Organisation of the Airport Security Police
The unit has a strength of about twenty, under the control of a uniformed manager, a former senior officer of the Bermuda Police Service. The Bermuda Police Service vets recruits, who are trained with the assistance of the Bermuda Police Training School. The Airport Security Police operates under the instruction of the DAO's Aviation Security Officer. Its powers, including its powers of arrest, are all drawn from the Air Transport Act. As a British Overseas Territory, security of the airfield, and of aviation in Bermuda, is ultimately the responsibility of the UK Government. The National Aviation Security Plan (NASP) of the UK Government's Department for Transport, Local Government and the Regions (DTLR) (now the Department for Transport (DfT)), also determined the content of the Bermudian NASP, which describes the roles, responsibilities and procedures relating to security of the Bermuda International Airport. Consequently, the ASP also act under the oversight of the UK Ministry for Transport's (MfT) Regional Aviation Security Officer, responsible for Bermuda and for other British Overseas Territories in the Atlantic and the West Indies, based in the United States. Additionally, as the airspace around Bermuda has, by an agreement between the UK and US Governments, been placed under US control, the duties of the Airport Security Police are also shaped by activities in the US.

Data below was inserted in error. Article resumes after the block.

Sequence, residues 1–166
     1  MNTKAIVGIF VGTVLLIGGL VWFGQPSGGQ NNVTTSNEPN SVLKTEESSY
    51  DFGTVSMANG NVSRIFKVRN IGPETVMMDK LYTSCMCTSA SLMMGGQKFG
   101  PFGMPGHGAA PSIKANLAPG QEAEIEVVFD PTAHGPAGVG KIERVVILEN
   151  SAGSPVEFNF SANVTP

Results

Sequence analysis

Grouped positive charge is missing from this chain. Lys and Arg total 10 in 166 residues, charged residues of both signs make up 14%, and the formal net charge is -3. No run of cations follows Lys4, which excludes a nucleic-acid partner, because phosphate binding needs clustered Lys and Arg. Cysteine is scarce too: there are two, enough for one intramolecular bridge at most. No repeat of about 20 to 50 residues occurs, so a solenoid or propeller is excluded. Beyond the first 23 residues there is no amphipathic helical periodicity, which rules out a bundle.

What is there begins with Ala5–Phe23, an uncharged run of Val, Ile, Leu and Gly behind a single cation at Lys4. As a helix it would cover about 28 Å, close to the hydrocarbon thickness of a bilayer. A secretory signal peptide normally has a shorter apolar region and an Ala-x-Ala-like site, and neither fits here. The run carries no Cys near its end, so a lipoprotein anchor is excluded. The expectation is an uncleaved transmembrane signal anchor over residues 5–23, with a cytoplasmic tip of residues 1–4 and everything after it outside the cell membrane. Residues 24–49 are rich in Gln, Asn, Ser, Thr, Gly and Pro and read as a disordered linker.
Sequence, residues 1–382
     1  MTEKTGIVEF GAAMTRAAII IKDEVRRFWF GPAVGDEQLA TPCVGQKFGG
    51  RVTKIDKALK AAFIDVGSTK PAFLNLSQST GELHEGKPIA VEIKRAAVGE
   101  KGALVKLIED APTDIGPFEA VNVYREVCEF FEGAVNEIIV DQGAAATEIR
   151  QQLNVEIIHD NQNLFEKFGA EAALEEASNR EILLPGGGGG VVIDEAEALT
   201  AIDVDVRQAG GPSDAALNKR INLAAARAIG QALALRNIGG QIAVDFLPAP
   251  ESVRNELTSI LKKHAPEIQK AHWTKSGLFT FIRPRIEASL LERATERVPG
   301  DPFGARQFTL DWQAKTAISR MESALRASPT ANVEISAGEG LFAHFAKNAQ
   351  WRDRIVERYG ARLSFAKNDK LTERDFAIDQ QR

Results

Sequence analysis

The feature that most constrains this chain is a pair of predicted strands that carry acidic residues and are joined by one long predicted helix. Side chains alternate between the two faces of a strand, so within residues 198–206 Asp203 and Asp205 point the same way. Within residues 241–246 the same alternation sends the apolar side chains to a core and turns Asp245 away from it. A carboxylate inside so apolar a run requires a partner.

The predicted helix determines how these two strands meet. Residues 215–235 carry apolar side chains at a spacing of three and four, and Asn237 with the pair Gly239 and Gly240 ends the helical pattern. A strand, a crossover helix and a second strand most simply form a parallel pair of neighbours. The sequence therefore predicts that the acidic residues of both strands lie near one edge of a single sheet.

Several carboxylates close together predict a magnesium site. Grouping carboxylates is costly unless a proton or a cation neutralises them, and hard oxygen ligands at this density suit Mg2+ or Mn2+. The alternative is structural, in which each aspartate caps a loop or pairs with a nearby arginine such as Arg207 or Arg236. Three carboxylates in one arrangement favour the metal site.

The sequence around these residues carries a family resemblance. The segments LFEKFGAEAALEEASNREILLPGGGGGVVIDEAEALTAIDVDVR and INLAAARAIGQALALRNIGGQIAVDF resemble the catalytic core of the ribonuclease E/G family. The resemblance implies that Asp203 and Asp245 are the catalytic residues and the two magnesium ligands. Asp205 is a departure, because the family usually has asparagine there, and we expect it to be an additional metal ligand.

- The Royal Gazette, Book Review by Roger Crombie: Base hit. Author Grearson produces absorbing account of a key chapter in Bermuda's history. Published Nov 4, 2009 (Updated Feb 10, 2011)